connotation – the association(s) evoked by a word beyond its denotation, or literal meaning
Some say the world will end in fire,
Some say in ice.
From what I’ve tasted of desire
I hold with those who favor fire.
But if it had to perish twice,
I think I know enough of hate
To say that for destruction ice
Is also great
And would suffice.
(“Fire and Ice” by Robert Frost)
This short poem by Robert Frost imagines the two possible apocalyptic scenarios, and which one he would prefer. There are clear connotations of passion and aggression Frost’s usage of fire imagery, while ice has the connotation of hard hatred. The world, in his imagination, will either burn up or freeze, and he doesn’t just mean in geological terms. Instead he places human emotion into the two concepts of fire and ice.
cumulative sentence – a sentence that begins with one independent clause, and then is followed by more than one modifying, subordinate construction (several details are given for the same subject).
- “I write this at a wide desk in a pine shed as I always do these recent years, in this life I pray will last, while the summer sun closes the sky to Orion and to all the other winter stars over my roof.”
—Annie Dillard, An American Childhood, 1987
- “Here was this man Tom Guthrie in Holt standing at the back window in the kitchen of his house smoking cigarettes and looking out over the back lot where the sun was just coming up.”
—Kent Haruf, Plainsong
The blue text in the sentences above are the independent clauses. The green text is the subordinate constructions.
dialect – a regional variety of language distinguished by features of vocabulary, grammar, and pronunciation from other regional varieties and constituting together with them a single language
Walter: Reckon I have. Almost died first year I come to school and et them pecans — folks say he pizened ‘em and put ‘em over on the school side of the fence.
–To Kill A Mockingbird, Harper Lee
Translation: I suppose I have. The first year I came to school and ate those pecans, I almost died. Some people accuse him [Mr. Radley] of poisoning them and keeping them over on the school side of the fence.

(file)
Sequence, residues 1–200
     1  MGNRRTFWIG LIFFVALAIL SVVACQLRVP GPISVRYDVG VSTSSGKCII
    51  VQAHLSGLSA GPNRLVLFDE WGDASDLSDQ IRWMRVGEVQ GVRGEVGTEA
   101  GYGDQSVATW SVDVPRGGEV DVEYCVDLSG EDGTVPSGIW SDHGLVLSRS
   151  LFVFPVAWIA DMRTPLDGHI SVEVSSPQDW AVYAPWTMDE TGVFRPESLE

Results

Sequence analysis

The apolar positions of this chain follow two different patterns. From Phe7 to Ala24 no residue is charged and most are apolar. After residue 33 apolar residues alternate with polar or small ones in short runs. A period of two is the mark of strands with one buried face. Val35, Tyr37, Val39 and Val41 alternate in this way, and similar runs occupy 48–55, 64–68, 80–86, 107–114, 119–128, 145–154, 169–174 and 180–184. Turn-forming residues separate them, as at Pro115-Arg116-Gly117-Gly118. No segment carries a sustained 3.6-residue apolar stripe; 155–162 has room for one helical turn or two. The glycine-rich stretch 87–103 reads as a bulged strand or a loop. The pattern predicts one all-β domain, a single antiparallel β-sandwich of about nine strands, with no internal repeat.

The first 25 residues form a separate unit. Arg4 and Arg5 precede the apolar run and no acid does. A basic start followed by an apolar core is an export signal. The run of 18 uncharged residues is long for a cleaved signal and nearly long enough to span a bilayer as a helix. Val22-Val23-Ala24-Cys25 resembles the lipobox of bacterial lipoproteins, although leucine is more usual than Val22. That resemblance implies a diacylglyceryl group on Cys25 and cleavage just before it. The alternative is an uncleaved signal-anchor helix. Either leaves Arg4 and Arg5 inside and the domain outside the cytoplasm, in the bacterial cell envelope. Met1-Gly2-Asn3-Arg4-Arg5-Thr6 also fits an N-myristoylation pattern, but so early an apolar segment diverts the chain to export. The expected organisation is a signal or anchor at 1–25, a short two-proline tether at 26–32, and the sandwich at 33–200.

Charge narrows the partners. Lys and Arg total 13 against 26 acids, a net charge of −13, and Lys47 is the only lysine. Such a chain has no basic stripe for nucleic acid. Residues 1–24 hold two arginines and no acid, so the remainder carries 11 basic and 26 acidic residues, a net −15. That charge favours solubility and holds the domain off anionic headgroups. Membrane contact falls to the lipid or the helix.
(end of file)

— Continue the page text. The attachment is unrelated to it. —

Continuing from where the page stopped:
diction – choice or use of words in speech or writing
- Writers’ skillfully choose words to develop a certain tone and atmosphere in their works. Read the following excerpt from a short story “The School” by Donald Barthelme:
“And the trees all died. They were orange trees. I don’t know why they died, they just died. Something wrong with the soil possibly or maybe the stuff we got from the nursery wasn’t the best. We complained about it. So we’ve got thirty kids there, each kid had his or her own little tree to plant and we’ve got these thirty dead trees. All these kids looking at these little brown sticks, it was depressing.”
The use of the words “died”, “dead”, “brown sticks” and “depressing” gives a gloomy tone to the passage.
epistrophe – repetition at the end of a sentence
- “Where now? Who now? When now?”—The Unnamable by Samuel Beckett
“Who is here so base that would be a bondman? If any, speak; for him have I offended. Who is here so rude that would not be a Roman? If any, speak; for him have I offended. Who is here so vile that will not love his country? If any, speak; for him have I offended….”
—Julius Caesar by William Shakespeare
euphemism – the substitution of an agreeable or inoffensive expression for one that may offend or suggest something unpleasant
- “The Squealer”, a character in George Orwell’s Animal Farm, uses euphemisms to help “the pigs” achieve their political ends. To announce the reduction of food to the animals of the farm, Orwell quotes him saying:
“For the time being,” he explains, “it had been found necessary to make a readjustment of rations.”
Substituting the word “reduction” with “readjustment” was an attempt to suppress the complaints of other animals about hunger. It works because reduction means “cutting” food supply while readjustment implies changing the current amount of food.